456. Discrepant Trip Experiences Among Travelers Attending a Tertiary Care Center Family Travel Medicine Clinic.
Session: Poster Abstract Session: Global Health and Travel Medicine
Thursday, October 4, 2018
Room: S Poster Hall
Background: International travel can expose travelers to a number of health risks. Pre-travel consultation helps prepare travelers for health concerns that might arise. The assessment of risk, mitigation strategies, and relevance of pre-travel advice is dependent on whether travelers adhere to their planned travel itinerary and activities.

Objectives: We aimed to determine the proportion of returned travelers whose actual travel itineraries differed from their planned travel plans (defined as discrepant trip experiences). We also aimed to identify traveler or trip characteristics associated with discrepant trip experiences.

Methods: We conducted a prospective cohort study at the Hospital for Sick Children’s Family Travel Medicine Clinic between September 2014 and December 2015. Pre- and post-trip questionnaires were compared to identify discrepant trip experiences.

Results: Among 186 participants, 121 (65%) reported their actual travel itineraries upon their return. A preliminary analysis of 53 participants revealed a median participant age of 37 years. Most common reasons for travel were vacation (n=29, 55%) and visiting friends and/or relatives (n=12, 23%). Median trip duration was 17 days (IQR 13 days); most commonly visited regions were Central America (n=19, 36%), Asia (n=18, 34%), and South America (n=5, 9%). In total, 51 actual travel itineraries (96.2%, 95%CI 91-100) were discrepant from the pre-travel plans that were used to make pre-travel health recommendations. Additional activities (e.g. hiking, caving) (n=42, 82.3%) and unplanned environments visited (e.g. altitude, jungle) (n=32, 62.7%) during travel were the trip characteristics most likely to be discrepant. We did not identify any traveler demographic features or planned trip characteristics that predicted either discrepant trip experiences.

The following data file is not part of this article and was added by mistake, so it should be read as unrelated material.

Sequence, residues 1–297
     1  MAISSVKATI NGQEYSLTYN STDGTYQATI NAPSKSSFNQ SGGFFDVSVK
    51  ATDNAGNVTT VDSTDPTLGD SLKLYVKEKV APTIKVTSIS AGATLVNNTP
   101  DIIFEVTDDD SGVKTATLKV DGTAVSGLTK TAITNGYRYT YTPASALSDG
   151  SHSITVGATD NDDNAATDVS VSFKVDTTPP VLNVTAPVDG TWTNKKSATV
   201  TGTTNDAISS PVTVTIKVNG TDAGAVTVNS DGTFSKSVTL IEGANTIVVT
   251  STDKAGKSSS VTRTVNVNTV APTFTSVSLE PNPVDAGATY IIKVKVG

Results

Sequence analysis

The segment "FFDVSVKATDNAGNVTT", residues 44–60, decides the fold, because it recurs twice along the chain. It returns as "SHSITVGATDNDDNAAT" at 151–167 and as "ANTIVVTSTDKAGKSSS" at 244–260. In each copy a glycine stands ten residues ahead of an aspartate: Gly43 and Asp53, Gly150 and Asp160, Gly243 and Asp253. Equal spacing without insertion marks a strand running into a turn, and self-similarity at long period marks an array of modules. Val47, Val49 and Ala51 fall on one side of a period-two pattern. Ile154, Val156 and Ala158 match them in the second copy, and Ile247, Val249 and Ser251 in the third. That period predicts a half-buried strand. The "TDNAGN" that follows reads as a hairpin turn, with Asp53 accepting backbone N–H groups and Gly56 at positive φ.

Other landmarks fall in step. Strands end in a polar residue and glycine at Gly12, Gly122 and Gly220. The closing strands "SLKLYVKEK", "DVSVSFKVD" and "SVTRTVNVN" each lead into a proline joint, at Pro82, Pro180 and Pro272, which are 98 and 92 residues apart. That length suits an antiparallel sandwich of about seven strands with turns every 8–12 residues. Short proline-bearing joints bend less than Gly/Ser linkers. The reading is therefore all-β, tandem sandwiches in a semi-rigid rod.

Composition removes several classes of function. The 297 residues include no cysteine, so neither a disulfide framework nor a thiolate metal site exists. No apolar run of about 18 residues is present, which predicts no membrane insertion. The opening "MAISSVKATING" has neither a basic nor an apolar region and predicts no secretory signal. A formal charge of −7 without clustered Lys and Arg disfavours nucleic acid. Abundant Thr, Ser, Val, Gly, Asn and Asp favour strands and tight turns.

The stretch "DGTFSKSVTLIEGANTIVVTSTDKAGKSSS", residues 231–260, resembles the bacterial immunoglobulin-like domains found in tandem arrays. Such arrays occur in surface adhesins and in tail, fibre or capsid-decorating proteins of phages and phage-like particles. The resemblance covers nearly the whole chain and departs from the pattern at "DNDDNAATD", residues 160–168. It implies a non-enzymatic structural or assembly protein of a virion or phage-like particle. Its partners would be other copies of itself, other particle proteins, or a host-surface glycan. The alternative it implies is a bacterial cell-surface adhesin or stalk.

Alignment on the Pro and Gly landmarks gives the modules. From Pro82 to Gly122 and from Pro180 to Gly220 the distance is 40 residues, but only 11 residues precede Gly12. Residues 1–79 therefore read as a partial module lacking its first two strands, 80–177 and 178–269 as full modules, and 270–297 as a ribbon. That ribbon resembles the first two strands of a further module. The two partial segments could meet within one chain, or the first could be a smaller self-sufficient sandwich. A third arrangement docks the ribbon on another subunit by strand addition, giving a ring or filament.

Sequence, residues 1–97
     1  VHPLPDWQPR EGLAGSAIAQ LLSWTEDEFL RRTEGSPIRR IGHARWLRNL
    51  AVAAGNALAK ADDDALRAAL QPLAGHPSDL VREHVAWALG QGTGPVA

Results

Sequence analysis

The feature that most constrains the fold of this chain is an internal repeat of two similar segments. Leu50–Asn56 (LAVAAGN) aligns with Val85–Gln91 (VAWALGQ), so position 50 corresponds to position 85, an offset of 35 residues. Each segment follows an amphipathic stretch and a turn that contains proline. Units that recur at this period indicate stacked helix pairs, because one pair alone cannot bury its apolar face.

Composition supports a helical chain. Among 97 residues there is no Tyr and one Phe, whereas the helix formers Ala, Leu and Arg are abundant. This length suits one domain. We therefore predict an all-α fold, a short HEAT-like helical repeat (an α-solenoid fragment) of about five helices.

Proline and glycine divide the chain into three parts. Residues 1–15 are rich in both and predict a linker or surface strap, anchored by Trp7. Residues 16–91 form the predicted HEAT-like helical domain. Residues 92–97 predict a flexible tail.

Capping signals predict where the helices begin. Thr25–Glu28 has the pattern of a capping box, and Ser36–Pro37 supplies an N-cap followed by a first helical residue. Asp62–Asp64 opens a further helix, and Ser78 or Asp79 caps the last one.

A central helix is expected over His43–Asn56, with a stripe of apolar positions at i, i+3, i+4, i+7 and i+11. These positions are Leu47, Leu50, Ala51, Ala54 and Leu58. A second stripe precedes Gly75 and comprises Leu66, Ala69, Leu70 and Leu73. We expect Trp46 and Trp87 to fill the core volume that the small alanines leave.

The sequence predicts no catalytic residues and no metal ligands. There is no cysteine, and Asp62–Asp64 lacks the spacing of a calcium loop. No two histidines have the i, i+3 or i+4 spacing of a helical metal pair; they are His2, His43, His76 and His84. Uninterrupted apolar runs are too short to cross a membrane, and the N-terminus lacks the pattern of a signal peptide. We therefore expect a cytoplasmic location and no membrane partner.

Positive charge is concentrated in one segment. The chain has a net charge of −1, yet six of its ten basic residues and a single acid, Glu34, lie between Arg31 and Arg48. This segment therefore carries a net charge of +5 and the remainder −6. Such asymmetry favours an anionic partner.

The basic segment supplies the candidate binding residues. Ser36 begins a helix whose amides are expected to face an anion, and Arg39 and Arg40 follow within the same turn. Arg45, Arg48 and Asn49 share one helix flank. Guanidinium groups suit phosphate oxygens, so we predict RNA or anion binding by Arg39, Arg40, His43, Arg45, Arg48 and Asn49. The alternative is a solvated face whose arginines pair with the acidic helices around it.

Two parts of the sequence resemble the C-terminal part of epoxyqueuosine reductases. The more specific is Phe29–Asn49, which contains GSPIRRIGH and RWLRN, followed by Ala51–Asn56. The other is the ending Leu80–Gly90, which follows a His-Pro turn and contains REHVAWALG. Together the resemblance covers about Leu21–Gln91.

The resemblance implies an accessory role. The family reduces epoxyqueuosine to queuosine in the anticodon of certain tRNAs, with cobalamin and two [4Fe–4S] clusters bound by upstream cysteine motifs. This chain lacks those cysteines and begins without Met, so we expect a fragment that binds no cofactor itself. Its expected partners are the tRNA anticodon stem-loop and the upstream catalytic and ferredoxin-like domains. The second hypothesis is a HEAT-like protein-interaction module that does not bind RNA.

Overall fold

Conclusion: Based on our preliminary analysis, the majority of travelers reported discrepant trip experiences. We plan to complete the analysis of the full cohort (N=121) and also to quantify if the discrepant features meaningfully altered health risks during travel. This study informs practitioners providing pre-travel consultation to consider broader counseling as discrepancies from planned travel are common.

Nancy Nashid, MD, FRCPC, FAAP1, Jacqueline Wong, MD, FRCPC, FAAP1, Lisa G. Pell, PhD, MPH2, Michelle Science, MD, MSc, FRCPC1, Ray Lam, MN1, Debra Louch, RN1 and Shaun K Morris, MD, MPH, FRCPC, FAAP, DTM&H1, (1)Division of Infectious Diseases, Department of Paediatrics, The Hospital for Sick Children, Toronto, ON, Canada, (2)Centre for Global Child Health, The Hospital for Sick Children, Toronto, ON, Canada


N. Nashid, None

J. Wong, None

L. G. Pell, None

M. Science, None

R. Lam, None

D. Louch, None

S. K. Morris, None

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